Saturday, June 21, 2008

Glass completed

Broken glass
graphite on mat board 7 x 12
copyright Jeanette Jobson

This is the completed drawing for a glass tutorial that I've finished. Well, almost finished. I have to clean up the image a little and finish some explanations of techniques then its done. Oh and the formatting. See? There's so much to do!

People often have problems finding me when they come to visit, even if the directions are fairly straight forward. Today I was playing around on Google Earth and found they give an option now of saving or printing an image. This image gives you an idea of where I live and my surround of trees, trees and more trees, interspersed with rocks and ponds or lakes. The images of some areas aren't as developed as others on Google Earth, but you get the general idea. The house is the light grey area on the right, the barn the dark grey on the left and the greenhouse further up centrally in the fields.

Friday, June 20, 2008

Classic art toys

Garden visitors
graphite 11 x 14
copyright Jeanette Jobson

I don't know of any saved record of my drawings or paintings as a child. I think that was before the trend arrived for parents to save every gum wrapper and scribble that a child produces from cradle to high school and beyond.

I was asked when I started to draw and the question made me think about some of my earliest memories of drawing. Not structured academic drawing, but simply drawing or creating for pleasure. I remember from the age of 5 or so always colouring or creating something and that stayed with me as time passed. When other kids were outside playing, I would be the one inside creating and decorating theatres out of shoe boxes with elaborate sets, characters and backdrops.

There were also a variety of toys that I had which fed my need to create. These may bring back memories for some or be completely new to others.

When children's Give A Show projectors were the rage in the 1960s, I had one. Not content with the slides that came with it, I scrounged pieces of hard cellophane from packaging, created cardboard slides and drew my own stories on the clear surface. I wish now that I could see some of those early efforts at around age 10.

Etch A Sketch. Remember those? Yes I had one and used it til it wore out. Here's an online version for those who want to try their hand at producing something. Was this the early version of the graphics tablet?

Visit Etched in Time to see George Vlosich III's amazing Etch a Sketch art.

You can still buy Etch A Sketch toys.

Spirographs came into existence in the late 1960s and they fed right into the psychedelic patterning of the 60s. I recall making endless patterns in colour or black and white with piles of patterns stacked up in my bedroom or posted to the walls.

If you want to create patterns, or treat a child in your life the Spirograph is still being produced. Check out Ebay for lots of spirographs for sale.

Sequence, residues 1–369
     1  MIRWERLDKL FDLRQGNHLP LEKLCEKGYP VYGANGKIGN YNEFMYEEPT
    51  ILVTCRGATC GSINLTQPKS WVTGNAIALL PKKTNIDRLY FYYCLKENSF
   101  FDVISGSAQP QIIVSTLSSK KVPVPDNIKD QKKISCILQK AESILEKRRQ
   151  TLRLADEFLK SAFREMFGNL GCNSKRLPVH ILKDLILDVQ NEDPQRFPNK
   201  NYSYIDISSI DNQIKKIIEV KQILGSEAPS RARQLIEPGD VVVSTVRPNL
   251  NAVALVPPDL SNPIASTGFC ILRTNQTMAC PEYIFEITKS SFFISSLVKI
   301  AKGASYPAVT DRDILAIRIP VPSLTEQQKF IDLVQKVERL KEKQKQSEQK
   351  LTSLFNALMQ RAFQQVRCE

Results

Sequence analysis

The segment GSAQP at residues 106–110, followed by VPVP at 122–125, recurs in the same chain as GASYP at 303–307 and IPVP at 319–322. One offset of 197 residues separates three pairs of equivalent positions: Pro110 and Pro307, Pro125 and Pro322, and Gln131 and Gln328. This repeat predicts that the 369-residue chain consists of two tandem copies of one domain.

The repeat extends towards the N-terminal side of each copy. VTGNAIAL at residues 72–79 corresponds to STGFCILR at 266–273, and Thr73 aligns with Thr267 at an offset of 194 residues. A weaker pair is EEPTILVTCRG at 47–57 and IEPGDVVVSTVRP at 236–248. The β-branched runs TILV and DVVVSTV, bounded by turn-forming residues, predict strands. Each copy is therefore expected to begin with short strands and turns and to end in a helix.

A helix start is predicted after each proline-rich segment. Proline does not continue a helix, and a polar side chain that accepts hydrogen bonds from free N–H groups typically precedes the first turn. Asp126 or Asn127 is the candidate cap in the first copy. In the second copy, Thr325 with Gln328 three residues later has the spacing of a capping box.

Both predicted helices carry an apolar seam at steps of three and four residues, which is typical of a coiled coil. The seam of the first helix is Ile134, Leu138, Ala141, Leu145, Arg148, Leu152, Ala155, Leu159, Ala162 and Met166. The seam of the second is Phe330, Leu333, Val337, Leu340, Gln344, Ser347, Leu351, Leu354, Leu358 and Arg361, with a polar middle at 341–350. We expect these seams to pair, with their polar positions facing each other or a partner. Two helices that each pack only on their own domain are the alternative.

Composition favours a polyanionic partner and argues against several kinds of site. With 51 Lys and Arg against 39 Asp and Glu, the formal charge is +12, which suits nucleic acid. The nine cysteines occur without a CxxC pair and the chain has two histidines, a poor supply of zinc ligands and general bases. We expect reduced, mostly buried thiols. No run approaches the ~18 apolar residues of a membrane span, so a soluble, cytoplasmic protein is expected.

Obviously, toys that bring out creative skills tend to become classics and are used by generations of families and have appeal to both old and young. With the tendency for the thinking to be taken out of life these days and the McDonald's 'instant' gratification needs, we often overlook basic, simple toys that help minds develop ideas and explore possibilities.

Wednesday, June 18, 2008


Kiora- 17 months old

I've been doing more writing that drawing these last few days as I try to make inroads into some drawing tutorials that I've been putting off. The drawing part comes fairly easily, but the writing is more of a challenge. Once I wrap my head around the task, I can get into a similar zone as I do when drawing and the words flow. About 1500 so far on the first tutorial. Another 500 or less perhaps and I'll be done.

I need to always remember to scan or photograph at high resolution and leave that image on my computer, as the high resolution of a minimum 300 dpi is the standard for printing crisp images. I am so used to reducing resolution for blog images that I often forget to leave the high res image intact.

I have a few more tutorials in my head and I'll play with those once this is out of the way. The drawings can be built up fairly quickly; the writing takes a day or so of solid concentration then formatting on top of that, which for some reason, I always struggle with. I like to just fit things in where they'll go. However, there is a standardized format that I must stay with and thank heavens I have a lovely editor who is very kind and helps me a lot with that. Let's hope she understands my speed in production lately which is slow, slow, slow.

Above is a photo of my grand daughter who lives quite a distance from me. I don't see her often and quite miss her at times. She's at the walking/exploring/active age and this photo shows the glimmer of intent in her eyes I think. This image may well become a portrait soon.

Tuesday, June 17, 2008

Good bone structure

Duck skull

This is the remains of one of the small ducks that a fox caught a year or two ago which was found in the woods a week or so ago. Although it may seem a bit gruesome, I quite enjoy examining and drawing skulls and bones. Since my year of anatomy, I developed a new found respect for how a living creature is constructed. It really is quite extraordinary how a living thing works so well with every part having a function.